House Lawmakers Say Energy’s Scientific Research Arm Needs More Funding

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The request from nearly 20 Democratic lawmakers comes as the CHIPS Act hands down billions for technological innovation.

Members of the House Subcommittee on Energy are requesting larger budget allocations following the passage of the landmark CHIPS and Science Act last week, emphasizing the need for increased funding for clean energy technologies amid the ongoing climate crisis.

“The climate emergency before us demands ambitious proposals that leverage every tool at the Federal government’s disposal to accelerate our transition to a clean energy future,” the letter reads. “We hope to see further increases in ambition—and ask the administration to recognize the equally vital importance of the Office of Science to the project of kickstarting a clean energy revolution, and to bolstering the health, well-being and creative capacities of the American people.” 

The letter was released on Monday, and signed by 19 Democratic lawmakers, including Reps. Zoe Lofgren, D-Calif.; Conor Lamb, D-Penn.; and Haley Stevens, D-Mich.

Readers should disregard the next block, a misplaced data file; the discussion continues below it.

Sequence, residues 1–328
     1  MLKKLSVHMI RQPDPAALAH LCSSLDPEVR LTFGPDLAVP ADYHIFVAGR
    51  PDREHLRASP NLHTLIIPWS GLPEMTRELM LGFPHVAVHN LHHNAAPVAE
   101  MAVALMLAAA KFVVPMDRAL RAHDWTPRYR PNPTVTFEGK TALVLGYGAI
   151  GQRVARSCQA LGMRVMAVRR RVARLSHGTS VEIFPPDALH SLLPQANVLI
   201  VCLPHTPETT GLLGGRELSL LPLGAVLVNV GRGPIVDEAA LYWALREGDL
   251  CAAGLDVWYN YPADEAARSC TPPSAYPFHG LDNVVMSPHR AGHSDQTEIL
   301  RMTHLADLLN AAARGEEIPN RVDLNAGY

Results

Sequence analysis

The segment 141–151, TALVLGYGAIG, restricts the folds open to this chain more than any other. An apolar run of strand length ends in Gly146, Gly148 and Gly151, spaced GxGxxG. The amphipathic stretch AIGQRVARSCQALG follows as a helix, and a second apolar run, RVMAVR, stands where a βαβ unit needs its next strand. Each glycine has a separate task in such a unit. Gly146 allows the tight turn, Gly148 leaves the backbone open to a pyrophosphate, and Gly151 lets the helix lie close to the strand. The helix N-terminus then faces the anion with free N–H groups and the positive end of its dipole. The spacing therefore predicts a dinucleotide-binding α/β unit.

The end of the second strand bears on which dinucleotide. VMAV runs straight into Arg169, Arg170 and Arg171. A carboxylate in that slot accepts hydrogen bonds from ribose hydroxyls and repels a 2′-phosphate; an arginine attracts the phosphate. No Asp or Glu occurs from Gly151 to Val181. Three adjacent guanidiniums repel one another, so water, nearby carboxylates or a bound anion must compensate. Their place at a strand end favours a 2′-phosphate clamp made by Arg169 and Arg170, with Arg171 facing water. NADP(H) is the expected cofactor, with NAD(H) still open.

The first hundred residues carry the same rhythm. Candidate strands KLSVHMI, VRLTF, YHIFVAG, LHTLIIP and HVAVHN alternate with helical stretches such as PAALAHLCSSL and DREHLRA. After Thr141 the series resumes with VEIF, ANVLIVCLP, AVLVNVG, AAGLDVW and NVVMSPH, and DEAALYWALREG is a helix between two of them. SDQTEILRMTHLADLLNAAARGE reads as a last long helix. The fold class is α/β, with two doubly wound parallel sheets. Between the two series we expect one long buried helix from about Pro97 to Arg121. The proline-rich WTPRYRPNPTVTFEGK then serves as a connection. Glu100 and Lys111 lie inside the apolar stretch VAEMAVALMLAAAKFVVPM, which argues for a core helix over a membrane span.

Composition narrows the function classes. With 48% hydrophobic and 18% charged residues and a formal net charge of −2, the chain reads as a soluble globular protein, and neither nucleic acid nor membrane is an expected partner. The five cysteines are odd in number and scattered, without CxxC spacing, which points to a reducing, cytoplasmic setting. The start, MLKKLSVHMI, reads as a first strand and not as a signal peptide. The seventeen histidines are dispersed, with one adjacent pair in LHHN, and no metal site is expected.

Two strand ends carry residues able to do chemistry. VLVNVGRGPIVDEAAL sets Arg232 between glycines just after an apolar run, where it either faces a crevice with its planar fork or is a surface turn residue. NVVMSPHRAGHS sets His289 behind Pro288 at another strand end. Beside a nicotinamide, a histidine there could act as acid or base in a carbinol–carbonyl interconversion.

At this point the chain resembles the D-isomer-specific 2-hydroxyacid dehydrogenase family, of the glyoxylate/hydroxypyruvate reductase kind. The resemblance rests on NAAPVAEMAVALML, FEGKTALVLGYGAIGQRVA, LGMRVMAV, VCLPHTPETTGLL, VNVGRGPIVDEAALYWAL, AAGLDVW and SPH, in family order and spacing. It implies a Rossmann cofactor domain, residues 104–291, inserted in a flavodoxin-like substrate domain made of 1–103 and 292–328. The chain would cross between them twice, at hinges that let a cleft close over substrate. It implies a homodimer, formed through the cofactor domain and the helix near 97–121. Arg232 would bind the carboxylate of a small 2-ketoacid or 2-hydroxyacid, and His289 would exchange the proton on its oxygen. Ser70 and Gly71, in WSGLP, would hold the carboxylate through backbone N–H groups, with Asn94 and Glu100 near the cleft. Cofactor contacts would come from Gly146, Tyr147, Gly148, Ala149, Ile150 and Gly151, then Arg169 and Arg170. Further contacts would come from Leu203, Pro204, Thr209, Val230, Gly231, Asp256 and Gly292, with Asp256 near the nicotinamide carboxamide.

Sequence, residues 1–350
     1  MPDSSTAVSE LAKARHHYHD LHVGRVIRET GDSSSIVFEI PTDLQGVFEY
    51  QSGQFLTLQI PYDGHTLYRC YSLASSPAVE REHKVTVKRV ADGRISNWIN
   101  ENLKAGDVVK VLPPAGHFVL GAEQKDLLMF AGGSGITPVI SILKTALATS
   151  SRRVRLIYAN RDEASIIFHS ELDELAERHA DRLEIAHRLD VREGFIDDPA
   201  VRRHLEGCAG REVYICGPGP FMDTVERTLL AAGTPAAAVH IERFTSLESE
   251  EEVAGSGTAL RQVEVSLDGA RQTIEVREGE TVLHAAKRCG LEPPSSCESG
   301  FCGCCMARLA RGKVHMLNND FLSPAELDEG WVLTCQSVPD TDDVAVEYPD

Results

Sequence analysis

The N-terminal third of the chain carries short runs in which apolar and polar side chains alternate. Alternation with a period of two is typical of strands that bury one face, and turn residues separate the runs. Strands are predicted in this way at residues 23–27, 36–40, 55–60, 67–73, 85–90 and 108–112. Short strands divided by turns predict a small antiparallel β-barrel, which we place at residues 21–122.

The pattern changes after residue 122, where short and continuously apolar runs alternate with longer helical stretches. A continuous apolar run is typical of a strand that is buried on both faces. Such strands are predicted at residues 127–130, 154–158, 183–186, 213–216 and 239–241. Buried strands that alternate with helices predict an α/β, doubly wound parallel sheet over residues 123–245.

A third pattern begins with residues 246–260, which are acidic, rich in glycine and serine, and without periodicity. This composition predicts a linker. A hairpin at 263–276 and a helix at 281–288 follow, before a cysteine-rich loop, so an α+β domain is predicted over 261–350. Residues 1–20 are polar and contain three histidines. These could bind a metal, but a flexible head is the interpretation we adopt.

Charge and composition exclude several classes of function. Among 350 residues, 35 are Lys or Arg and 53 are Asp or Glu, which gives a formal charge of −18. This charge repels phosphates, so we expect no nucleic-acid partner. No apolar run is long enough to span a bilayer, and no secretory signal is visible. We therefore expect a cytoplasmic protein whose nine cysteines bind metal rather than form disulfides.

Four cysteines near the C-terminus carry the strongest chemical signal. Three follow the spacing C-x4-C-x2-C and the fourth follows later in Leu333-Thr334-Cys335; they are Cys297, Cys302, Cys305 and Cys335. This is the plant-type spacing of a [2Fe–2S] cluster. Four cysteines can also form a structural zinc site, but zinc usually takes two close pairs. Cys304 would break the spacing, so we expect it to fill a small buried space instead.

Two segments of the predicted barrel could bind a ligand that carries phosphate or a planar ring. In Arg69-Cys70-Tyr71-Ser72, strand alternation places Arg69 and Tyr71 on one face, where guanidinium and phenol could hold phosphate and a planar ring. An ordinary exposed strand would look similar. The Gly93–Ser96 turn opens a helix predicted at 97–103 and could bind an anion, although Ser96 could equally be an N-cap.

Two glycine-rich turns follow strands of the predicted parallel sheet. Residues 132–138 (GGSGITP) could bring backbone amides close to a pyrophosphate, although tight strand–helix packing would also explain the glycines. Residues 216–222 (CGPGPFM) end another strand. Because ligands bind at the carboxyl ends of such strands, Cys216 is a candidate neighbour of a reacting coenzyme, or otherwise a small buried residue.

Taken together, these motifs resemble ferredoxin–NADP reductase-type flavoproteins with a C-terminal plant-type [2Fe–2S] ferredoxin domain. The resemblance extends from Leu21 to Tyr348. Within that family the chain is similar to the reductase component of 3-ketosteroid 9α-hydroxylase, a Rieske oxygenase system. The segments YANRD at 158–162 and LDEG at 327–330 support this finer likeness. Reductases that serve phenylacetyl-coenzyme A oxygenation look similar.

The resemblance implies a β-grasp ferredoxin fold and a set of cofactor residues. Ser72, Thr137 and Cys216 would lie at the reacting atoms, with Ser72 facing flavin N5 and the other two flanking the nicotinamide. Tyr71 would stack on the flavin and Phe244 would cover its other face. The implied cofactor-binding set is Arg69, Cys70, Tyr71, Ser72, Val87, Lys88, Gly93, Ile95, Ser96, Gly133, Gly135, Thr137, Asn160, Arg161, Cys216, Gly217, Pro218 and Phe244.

Through the CHIPS Act, the U.S. semiconductor manufacturing industry will receive over $50 billion in federal funding, with other emerging technologies also included in the bill’s budget.

Lawmakers on the Energy Subcommittee noted that the CHIPS Act will authorize $9.54 billion for the Office of Science for fiscal year 2024, which the lawmakers support, noting that the FY23 request “fell short” of  President Joe Biden’s investment goal of nearly 2% of the country’s total GDP in science research.

Given that Energy’s Office of Science is a leader in supporting research and development for a myriad of energy applications and scientific innovations, the letter points out the need for greater financial support to encourage the office’s various scientific projects. The research the Office of Science conducts encompasses particle physics, solar and clean energy technology, climate prediction modeling, isotope production and high-performance computing.

Per the letter, Energy officials indicated to lawmakers that without substantial funding, many of these projects will have a limited scientific scope.

The lawmakers concluded by asking for consistent allocations to Energy for the Fiscal Year 2024, mentioning the pending legislation H.R. 3593, which specifically works to increase federal funding to the Office of Science.  

“The Office of Science’s research portfolio plays a key role in advancing scientific discovery here and around the world and is a major contributor to the workforce pipeline that enables DOE to fulfill its mission. In addition, these research programs are a powerful tool for broadening participation and increasing equity in STEM, which are essential for maintaining U.S. scientific leadership,” the letter states.